Residential House of Hugo and Libuše Förster

Date 1938 / 1973
Architect Viktor Jandásek
Code Z6
Address Na Požáře 178, Zlín
Public transport Public transport: Školní (TROL 1, 2, 3, 4, 5, 8, 9, 11, 12, 13, BUS 31, 32, 33, 35, 36, 38, 53, 70, 90) Slovenská (TROL 1, 3, 8, 11, 12, 13, BUS 90)
GPS 49.2231711N, 17.6718558E
  • Ondřej Ševeček, Zrození Baťovy průmyslové metropole. Továrna, městský prostor a společnost ve Zlíně v letech 1900-1938, České Budějovice 2009

A four-storey house for Libuše and Hugo Förster was built in 1938 on an irregular plot of land on the edge of Cihlářská and U Přehrady streets. The residential house, with generous apartments intended for rent was designed by the Zlín architect and builder Viktor Jandásek, who ran a successful construction company and also designed buildings for well-to-do merchants and townspeople. Hugo Förster was the first Zlín notary, he cooperated with the Baťa company and performed all official acts connected with the notarial certificate. The couple had their own villa built in 1934 in Hluboká Street, just a few dozen metres from the new house.
The traditionally-built brick building is based on foundation strips and has reinforced concrete ceilings. In the first designs, which Viktor Jandásek submitted to the Building Authority, the building was conceived as a three-storey house with a flat roof. During the preparations, the house was raised by one floor, so the result is a four-storey house that uses a basement for service rooms (laundry, dryer, cellars), a one-room caretaker's apartment and a garage for two cars. The floors are connected by a double L-shaped staircase lit through glass blocks and a square skylight in the roof. On each floor there are three spacious apartments, one three-room and two two-room, and each apartment also has two balconies. The property also included a courtyard and garden surrounded by a fence with a concrete base, which was also designed by Viktor Jandásek according to the requirements of the building authority.
The style of the façade is unusual for Zlín, and maybe in many ways reminiscent of another apartment block designed by Jandásek, the house for Eduard Trantírek, which he was designing in parallel with the construction of this house. The horizontally-designed volume of the house with rounded balconies and a subtle railing creates a monumental corner of the new residential block. Other organically-shaped balconies protrude from both sides of the house. The regular rhythm of the façade is determined by the alternating of three-part and one-part windows in white wooden frames, which are lined with ceramic brown tiles. These are also used in window linings and this supports the horizontal appearance of the house.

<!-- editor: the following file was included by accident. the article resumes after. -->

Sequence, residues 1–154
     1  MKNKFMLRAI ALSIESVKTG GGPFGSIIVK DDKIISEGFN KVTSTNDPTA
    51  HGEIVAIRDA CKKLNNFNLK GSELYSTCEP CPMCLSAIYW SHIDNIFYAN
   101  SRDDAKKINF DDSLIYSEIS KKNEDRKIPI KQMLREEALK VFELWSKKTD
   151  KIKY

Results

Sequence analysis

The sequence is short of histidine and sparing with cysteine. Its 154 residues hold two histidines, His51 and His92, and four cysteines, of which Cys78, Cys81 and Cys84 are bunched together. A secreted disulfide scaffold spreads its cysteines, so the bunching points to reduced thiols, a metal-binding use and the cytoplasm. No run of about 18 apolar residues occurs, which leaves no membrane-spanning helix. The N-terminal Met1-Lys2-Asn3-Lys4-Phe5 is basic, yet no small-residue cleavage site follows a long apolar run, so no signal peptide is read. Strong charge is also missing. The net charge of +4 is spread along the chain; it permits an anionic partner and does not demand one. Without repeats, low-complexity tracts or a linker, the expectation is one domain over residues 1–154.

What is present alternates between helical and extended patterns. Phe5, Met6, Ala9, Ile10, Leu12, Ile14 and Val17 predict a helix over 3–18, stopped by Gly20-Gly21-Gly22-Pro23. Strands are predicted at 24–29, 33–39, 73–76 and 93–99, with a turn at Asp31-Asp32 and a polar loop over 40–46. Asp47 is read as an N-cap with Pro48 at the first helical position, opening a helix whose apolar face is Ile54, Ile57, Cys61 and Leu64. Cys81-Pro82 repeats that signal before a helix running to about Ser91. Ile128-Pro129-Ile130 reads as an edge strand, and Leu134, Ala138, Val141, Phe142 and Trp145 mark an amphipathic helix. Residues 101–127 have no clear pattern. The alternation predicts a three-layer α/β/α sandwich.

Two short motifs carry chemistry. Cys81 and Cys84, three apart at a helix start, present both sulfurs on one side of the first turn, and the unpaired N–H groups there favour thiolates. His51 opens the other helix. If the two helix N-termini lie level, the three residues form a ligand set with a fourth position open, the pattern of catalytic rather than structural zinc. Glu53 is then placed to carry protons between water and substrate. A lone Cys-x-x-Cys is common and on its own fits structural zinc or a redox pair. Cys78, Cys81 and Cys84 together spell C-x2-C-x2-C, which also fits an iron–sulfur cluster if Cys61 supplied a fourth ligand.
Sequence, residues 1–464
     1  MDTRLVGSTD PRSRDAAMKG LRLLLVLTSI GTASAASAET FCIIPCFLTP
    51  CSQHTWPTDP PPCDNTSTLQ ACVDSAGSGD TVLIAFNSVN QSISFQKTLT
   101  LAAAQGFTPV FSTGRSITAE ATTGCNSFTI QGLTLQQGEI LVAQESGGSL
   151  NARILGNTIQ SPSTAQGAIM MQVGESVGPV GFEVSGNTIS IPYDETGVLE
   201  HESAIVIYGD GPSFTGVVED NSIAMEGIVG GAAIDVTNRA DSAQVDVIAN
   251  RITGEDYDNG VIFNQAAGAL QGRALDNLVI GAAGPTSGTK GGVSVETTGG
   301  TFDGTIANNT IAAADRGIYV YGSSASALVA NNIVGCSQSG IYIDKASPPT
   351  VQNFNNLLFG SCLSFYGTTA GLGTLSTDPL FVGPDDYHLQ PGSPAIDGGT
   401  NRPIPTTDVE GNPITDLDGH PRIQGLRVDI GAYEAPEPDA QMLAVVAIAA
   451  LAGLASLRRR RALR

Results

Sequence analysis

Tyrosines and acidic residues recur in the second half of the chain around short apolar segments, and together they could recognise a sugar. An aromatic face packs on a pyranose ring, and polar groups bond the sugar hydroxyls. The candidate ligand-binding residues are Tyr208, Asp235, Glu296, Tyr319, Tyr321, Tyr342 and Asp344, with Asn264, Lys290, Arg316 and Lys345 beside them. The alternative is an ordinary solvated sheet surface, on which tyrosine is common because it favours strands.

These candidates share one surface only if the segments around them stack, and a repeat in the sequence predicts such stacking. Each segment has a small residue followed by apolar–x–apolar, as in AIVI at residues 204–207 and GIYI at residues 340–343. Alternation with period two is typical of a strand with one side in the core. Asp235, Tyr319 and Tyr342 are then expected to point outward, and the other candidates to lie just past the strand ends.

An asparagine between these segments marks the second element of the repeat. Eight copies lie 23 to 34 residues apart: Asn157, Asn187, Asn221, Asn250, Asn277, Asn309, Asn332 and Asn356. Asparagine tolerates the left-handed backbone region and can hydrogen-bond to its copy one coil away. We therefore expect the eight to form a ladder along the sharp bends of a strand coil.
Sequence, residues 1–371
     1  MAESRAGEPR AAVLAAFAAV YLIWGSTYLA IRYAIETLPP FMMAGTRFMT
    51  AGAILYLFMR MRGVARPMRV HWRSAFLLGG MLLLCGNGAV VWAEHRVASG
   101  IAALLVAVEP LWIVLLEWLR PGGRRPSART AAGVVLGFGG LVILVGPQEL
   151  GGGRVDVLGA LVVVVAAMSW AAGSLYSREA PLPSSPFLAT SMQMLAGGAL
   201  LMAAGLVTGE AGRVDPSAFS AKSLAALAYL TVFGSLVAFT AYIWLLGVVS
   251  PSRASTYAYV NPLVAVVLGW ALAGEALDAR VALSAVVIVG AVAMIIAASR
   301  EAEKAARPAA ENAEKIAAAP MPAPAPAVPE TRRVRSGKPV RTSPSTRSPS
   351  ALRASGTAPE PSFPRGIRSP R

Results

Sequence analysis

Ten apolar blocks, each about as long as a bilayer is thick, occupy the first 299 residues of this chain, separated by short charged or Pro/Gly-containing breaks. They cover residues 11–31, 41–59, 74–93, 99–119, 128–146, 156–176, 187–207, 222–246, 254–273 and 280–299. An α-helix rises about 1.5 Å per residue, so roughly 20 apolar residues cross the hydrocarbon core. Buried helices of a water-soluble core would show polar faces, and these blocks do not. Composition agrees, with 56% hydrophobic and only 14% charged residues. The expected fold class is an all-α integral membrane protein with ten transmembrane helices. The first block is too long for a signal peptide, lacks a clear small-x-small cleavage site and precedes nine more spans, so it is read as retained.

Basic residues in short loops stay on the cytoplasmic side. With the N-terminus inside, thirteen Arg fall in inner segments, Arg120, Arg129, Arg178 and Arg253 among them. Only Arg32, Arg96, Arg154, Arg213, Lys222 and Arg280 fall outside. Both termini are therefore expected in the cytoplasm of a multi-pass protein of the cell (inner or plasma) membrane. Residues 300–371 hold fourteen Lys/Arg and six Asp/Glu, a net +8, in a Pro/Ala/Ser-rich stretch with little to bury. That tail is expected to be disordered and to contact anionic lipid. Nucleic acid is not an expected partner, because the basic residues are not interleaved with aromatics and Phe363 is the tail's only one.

In 1973, the house was extended on the south side along its entire length, while the width of the extension was limited to four metres due to the surrounding buildings. At that time, the house was under the administration of Centroprojekt, whose employees also lived in the house and carried out the extension together with the renovation themselves as part of so called “Z Action”. The new housing units created by dividing the original apartments and adding new ones were intended for young Centroprojekt employees. On each floor of the extension there was one one-room apartment, one two-room apartment, and a studio apartment. The total capacity was increased by nine apartments. On the ground floor a room for pram storage was created in the place of the former garage. All housing units are accessible from the main staircase, and each apartment is connected to a common corridor via its own separate hall. The three new apartments on each floor are designed so that the utility rooms are located in the original part of the house, and the living rooms are then situated along the southern facade of the extension. The design was made by the architect Jaroslav Hošek, also an employee of Centroprojekt. The extension is sensitively connected to the original volume of the house. The textured plaster is matched in colour to the original house as well as the cladding around the windows.
At present, the house still serves its original purpose, and the interior and exterior retain many original elements. In the common areas, the original materials are preserved, such as railings, wooden entrance doors, and floors. The residential house of the Försters is still a valuable example of quality interwar architecture built in the city independently of the Baťa company.